My intuition says some of this German looks wrong.

ZG,

If you read through the comments, you’ll realize that the intuition that there’s a 50% probability of the other child being the boy is actually

correct. The article was mistaken. Here are the true possibilities of the second child being a boy, given that one of the children is a boy (credit from the comments):”

First, let’s assume birth order does NOT matter, here are the possibilities for the gender of a child:

1) Boy

2) Girl

so 50% chance of Boy.

If we assume birth order matters, then these are the possible combinations:

1) Boy(known), Boy

2) Boy(known), Girl

3) Boy, Boy(known)

4) Girl, Boy(known)

Still 50% chance of Boy.

”

The article tried to present the answer of 1/3 (33%), which wasn’t correct.

You’re not setting this up correctly –

For THIS problem, there are exactly THREE possibilities, all of which will occur with equal frequency:

1) The first child is a boy, second child is a girl.

2) The first child is a girl, the second child is a boy.

3) Both children are boys.

It’s quite clear from this that the chance of two boys can ONLY be 1/3.

Sucker,

I was referring to the simpler problem given in the article. I studied the article a bit more, and I still stand by what I said. I will explain myself fully, and please feel free to point out the problem in my logic.

*********************

I will use 3 names in my reasoning: John, Matt, Sally.

The problem is that the article doesn’t take into account that we are “given” that John was born on Tuesday. That is the assumption upfront. We already have John born on Tuesday. We also know that John has a sibling. The article also doesn’t take into account that the order in which they are born is

notimportant. So here are my possibilities,giventhat John is born on a Tuesday:1. John: Tuesday, Matt: Sunday

…

7. John: Tuesday, Matt: Saturday

8. John: Tuesday, Sally: Sunday

…

14. John: Tuesday, Sally: Saturday.

That is 14 possibilities, of which 7 of them have a male sibling (Matt), and 7 of them have a female sibling (Sally). Hence 50%.

*******************

Now, regarding the article’s logic.

If you look at their chart http://www.sciencenews.org/view/download/id/60731/name/WORKING_IT_OUT (Link is dead) you can see that they would consider John and Sally both born on Tuesday as separate events that should be counted twice towards the total. Because their logic is that if John is younger, that’s 1 event, and if Sally is younger, that’s another event. In that case, yes, their reasoning is correct. However, nowhere in the original problem implies that John and Sally both being born on Tuesday should be separate events, because “what if John is younger, or what if Sally is younger” should imply counting the situation of both John and Sally being born on a Tuesday twice. That is where they are incorrect.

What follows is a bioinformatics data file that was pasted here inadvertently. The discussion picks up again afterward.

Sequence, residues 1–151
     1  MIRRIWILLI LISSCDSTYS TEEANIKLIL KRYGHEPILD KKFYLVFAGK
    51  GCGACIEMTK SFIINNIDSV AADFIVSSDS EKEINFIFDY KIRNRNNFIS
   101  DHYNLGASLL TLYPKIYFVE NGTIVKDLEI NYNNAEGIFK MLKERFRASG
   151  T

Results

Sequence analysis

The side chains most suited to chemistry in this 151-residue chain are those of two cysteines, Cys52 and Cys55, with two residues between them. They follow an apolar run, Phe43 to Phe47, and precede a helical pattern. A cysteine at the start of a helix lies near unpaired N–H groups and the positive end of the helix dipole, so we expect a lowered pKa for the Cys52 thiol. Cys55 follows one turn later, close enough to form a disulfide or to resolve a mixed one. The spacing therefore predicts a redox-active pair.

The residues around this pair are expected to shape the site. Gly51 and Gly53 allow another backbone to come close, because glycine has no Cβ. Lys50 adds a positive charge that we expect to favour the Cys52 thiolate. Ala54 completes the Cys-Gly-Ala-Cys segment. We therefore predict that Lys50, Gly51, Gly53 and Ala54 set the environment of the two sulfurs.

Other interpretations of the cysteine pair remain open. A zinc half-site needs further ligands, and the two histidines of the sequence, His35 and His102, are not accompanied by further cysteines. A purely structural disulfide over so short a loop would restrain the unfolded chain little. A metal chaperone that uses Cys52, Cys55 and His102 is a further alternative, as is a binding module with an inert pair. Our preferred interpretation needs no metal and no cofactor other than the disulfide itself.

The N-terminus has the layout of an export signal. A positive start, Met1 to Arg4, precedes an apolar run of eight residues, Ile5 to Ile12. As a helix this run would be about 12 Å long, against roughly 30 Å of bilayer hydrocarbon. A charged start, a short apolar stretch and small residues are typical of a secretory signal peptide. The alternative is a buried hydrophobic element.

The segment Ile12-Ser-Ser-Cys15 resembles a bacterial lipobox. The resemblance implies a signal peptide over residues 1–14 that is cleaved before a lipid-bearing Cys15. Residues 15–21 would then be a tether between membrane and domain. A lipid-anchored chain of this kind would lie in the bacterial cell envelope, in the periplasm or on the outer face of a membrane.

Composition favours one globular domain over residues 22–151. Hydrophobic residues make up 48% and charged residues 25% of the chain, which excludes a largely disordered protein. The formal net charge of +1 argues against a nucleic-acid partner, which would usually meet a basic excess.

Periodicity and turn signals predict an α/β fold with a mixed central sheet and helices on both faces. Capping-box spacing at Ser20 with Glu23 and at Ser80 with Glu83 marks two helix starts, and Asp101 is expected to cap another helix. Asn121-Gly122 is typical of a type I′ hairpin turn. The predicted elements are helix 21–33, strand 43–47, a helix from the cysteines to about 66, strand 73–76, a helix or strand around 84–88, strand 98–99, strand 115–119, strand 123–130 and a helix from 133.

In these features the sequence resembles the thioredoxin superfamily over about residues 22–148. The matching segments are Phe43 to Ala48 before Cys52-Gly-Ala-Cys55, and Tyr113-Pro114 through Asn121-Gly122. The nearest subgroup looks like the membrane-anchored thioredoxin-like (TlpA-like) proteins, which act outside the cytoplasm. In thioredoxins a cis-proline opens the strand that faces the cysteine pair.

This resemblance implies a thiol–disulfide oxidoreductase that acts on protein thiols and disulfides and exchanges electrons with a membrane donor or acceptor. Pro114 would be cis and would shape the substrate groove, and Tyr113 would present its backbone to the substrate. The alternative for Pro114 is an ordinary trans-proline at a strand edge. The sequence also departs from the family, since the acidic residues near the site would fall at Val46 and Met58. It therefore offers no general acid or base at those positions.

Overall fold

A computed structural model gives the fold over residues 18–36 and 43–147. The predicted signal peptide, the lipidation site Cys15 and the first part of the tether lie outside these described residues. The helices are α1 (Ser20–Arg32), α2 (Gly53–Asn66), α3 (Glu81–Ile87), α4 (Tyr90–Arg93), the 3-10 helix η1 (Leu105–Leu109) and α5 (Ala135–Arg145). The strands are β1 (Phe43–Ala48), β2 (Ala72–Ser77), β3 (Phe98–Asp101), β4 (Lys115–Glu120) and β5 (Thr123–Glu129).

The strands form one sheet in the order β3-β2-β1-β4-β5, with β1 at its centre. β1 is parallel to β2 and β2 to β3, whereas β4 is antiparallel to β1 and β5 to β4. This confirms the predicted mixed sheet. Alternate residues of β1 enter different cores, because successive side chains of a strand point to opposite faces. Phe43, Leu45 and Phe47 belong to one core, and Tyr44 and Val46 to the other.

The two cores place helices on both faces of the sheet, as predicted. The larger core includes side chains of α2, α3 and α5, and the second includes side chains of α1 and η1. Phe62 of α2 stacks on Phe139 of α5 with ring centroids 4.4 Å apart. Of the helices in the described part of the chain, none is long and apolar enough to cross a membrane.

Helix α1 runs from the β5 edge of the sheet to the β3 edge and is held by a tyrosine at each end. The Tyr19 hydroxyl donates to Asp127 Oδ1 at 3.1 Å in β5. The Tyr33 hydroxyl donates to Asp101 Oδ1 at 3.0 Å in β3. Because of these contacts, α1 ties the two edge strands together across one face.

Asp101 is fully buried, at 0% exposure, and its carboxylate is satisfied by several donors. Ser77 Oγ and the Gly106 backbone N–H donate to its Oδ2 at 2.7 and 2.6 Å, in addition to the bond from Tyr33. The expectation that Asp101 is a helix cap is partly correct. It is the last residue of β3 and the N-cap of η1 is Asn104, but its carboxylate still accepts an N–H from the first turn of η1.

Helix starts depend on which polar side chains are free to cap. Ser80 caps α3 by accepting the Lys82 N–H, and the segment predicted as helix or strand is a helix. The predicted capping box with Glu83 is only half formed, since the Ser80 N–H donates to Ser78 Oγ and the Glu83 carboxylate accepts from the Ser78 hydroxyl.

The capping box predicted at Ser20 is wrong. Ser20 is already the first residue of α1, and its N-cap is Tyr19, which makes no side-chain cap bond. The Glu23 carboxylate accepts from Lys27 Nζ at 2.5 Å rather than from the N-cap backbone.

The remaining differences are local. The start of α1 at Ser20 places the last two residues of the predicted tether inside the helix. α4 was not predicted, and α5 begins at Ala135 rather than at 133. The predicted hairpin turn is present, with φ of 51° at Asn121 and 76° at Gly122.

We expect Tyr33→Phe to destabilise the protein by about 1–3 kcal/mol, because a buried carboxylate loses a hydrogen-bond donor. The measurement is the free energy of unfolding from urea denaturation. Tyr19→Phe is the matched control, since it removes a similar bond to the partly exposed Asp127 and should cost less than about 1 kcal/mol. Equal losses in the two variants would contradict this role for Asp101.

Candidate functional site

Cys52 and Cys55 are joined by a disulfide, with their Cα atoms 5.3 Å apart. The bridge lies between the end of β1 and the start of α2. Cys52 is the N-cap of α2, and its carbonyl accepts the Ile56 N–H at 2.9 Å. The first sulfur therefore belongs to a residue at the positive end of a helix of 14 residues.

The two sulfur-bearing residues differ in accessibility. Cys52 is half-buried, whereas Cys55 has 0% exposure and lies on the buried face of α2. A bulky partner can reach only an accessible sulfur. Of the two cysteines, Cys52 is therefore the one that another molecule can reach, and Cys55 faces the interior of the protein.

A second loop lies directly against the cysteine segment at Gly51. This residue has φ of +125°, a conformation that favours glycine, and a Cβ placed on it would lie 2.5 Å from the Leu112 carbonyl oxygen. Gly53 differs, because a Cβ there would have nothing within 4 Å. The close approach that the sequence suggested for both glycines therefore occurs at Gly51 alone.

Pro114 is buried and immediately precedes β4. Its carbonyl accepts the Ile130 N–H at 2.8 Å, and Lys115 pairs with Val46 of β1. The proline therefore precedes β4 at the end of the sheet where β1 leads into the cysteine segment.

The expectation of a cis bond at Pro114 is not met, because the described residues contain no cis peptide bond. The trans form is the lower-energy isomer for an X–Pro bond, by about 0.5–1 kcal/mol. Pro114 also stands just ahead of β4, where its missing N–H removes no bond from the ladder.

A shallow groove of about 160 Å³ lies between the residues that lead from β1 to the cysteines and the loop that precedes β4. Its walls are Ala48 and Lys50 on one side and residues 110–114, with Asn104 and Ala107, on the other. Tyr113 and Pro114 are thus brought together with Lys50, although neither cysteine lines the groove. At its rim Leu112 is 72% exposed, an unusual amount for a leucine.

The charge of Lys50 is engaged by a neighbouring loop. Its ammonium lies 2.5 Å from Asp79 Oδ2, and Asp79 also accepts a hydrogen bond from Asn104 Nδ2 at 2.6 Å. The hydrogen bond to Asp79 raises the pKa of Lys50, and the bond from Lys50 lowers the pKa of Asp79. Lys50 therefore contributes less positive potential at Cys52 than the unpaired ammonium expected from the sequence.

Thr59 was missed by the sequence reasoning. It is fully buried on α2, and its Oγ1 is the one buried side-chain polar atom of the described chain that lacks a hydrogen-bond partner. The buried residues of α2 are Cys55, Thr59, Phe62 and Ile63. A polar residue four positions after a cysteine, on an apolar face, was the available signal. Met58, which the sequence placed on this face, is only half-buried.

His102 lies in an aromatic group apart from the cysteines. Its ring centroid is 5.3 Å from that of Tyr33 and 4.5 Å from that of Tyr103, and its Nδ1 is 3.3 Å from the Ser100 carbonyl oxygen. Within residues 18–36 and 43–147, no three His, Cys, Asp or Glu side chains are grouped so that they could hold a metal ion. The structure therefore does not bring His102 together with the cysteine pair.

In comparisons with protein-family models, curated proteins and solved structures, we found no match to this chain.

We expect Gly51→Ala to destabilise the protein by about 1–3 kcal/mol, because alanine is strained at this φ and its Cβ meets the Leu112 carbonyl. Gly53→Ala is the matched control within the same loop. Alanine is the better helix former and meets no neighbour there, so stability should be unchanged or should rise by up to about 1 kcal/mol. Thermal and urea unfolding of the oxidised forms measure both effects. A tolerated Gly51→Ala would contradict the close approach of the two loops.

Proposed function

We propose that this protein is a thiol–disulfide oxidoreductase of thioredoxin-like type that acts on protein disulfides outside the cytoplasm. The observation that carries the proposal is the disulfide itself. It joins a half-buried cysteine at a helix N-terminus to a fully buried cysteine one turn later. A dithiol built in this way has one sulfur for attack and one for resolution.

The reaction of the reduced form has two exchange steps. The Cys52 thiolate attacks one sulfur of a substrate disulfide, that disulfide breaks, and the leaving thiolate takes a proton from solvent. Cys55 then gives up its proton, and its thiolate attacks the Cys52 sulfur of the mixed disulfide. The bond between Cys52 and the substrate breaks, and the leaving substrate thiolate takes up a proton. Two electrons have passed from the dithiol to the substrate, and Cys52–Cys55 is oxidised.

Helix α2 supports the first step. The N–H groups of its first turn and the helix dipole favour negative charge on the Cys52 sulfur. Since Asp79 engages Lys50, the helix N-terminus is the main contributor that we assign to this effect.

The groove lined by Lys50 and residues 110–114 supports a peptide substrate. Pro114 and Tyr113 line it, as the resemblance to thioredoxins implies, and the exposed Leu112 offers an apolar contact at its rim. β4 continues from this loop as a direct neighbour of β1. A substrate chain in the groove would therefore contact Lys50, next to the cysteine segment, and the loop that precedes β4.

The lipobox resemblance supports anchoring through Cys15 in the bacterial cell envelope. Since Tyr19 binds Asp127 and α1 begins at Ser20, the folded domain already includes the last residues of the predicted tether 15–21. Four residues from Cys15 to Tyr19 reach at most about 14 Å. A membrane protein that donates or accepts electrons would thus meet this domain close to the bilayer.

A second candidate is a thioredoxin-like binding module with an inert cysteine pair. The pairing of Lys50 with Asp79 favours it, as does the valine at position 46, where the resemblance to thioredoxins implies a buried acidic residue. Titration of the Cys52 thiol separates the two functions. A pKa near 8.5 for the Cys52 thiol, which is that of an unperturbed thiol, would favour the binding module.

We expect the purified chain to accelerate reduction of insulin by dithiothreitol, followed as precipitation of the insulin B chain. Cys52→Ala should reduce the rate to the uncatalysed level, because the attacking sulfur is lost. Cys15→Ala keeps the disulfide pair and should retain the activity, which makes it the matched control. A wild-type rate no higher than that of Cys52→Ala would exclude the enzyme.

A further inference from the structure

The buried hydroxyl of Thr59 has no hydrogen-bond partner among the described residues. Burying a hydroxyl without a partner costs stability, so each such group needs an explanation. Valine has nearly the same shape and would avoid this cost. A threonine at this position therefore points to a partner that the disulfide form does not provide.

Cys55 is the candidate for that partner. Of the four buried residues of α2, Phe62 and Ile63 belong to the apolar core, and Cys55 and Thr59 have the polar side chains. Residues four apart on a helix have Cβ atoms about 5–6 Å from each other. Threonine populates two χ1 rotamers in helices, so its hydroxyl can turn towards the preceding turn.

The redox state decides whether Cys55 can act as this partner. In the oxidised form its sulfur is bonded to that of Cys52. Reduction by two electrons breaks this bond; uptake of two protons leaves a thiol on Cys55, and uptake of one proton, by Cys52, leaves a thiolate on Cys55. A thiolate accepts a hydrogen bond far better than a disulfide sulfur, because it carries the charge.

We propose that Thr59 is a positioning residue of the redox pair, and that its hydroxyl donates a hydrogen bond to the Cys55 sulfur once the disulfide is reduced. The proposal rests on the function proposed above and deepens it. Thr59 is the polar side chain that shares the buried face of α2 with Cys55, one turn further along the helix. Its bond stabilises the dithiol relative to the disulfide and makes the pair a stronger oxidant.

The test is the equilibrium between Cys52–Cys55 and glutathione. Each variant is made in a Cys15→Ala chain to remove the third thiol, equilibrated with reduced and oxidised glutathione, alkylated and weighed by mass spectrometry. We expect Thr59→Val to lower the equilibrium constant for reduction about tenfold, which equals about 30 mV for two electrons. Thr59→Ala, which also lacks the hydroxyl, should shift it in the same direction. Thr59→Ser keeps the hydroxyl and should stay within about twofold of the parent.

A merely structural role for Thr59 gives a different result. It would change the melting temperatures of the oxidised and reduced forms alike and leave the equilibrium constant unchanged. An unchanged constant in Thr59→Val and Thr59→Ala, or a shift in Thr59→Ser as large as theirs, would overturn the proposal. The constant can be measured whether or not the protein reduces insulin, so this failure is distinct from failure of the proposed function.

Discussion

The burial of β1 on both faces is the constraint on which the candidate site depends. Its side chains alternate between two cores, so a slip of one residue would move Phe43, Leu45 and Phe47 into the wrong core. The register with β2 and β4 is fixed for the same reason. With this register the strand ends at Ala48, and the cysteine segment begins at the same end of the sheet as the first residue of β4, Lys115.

The article does NOT state that John was born on a Tuesday. It says ONE boy was born on Tuesday; so you have to also include the possibility that it was Matt who was born on Tuesday.

There are 27 equal possibilities, of which only 13 consists of two boys:

John: Tuesday

Matt: Sunday

John: Tuesday

Matt: Monday

John: Tuesday

Matt: Tuesday

John: Tuesday

Matt: Wednesday

John: Tuesday

Matt: Thursday

John: Tuesday

Matt: Friday

John: Tuesday

Matt: Saturday

********

Matt: Tuesday

John: Sunday

Matt: Tuesday

John: Monday

Matt: Tuesday

John: Wednesday

Matt: Tuesday

John: Thursday

Matt: Tuesday

John: Friday

Matt: Tuesday

John: Saturday

********

Sally: Sunday

John: Tuesday

Sally: Monday

John: Tuesday

Sally: Tuesday

John: Tuesday

Sally: Wednesday

John: Tuesday

Sally: Thursday

John: Tuesday

Sally: Friday

John: Tuesday

Sally: Saturday

John: Tuesday

********

Sally: Sunday

Matt: Tuesday

Sally: Monday

Matt: Tuesday

Sally: Tuesday

Matt: Tuesday

Sally: Wednesday

Matt: Tuesday

Sally: Thursday

Matt: Tuesday

Sally: Friday

Matt: Tuesday

Sally: Saturday

Matt: Tuesday

Note that the reason that there are only 27 possibilities rather than 28, is the fact that if both boys were born on Tuesday, you can only count that ONCE, rather than twice.

So this article did INDEED give the correct answer to BOTH problems;

1/3 for the Two Child Problem, and 13/27 for the second problem. As it turns out, all those mathematical geniuses are right after ALL!

If you’re still having problems understanding this problem, I would suggest that you “Google” and study a similar problem; the “Monty Hall paradox”, which involves the same principles, only much simpler to understand.

You’re not setting this up correctly –

For THIS problem, there are exactly THREE possibilities, all of which will occur with equal frequency:

1) The first child is a boy, second child is a girl.

2) The first child is a girl, the second child is a boy.

3) Both children are boys.

It’s quite clear from this that the chance of two boys can ONLY be 1/3.

Why does order matter when it is boy/girl and not matter when it is boy boy? It seems to me there are FOUR possibilities:

1) The first child is a boy, second child is a girl.

2) The first child is a girl, the second child is a boy.

3) The first child is the known boy, second child is a boy.

4) The first child a boy, second child is the known boy.

I Win I Win

I chose not to answer because I would have seeeemed stupid

happy babies

I Knew It, All of You Are Pseudo AP’s

A real AP does not have children.

He eats them!

No Taco Bell